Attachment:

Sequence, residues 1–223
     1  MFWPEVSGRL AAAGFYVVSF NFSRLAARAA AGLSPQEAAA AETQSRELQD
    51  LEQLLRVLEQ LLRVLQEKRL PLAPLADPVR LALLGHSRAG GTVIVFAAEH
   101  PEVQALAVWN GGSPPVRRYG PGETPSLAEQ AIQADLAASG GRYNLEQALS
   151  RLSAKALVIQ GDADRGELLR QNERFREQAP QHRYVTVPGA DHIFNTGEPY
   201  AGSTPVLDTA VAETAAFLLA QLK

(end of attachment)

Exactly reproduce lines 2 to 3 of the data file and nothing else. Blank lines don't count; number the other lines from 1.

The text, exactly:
     1  MFWPEVSGRL AAAGFYVVSF NFSRLAARAA AGLSPQEAAA AETQSRELQD
    51  LEQLLRVLEQ LLRVLQEKRL PLAPLADPVR LALLGHSRAG GTVIVFAAEH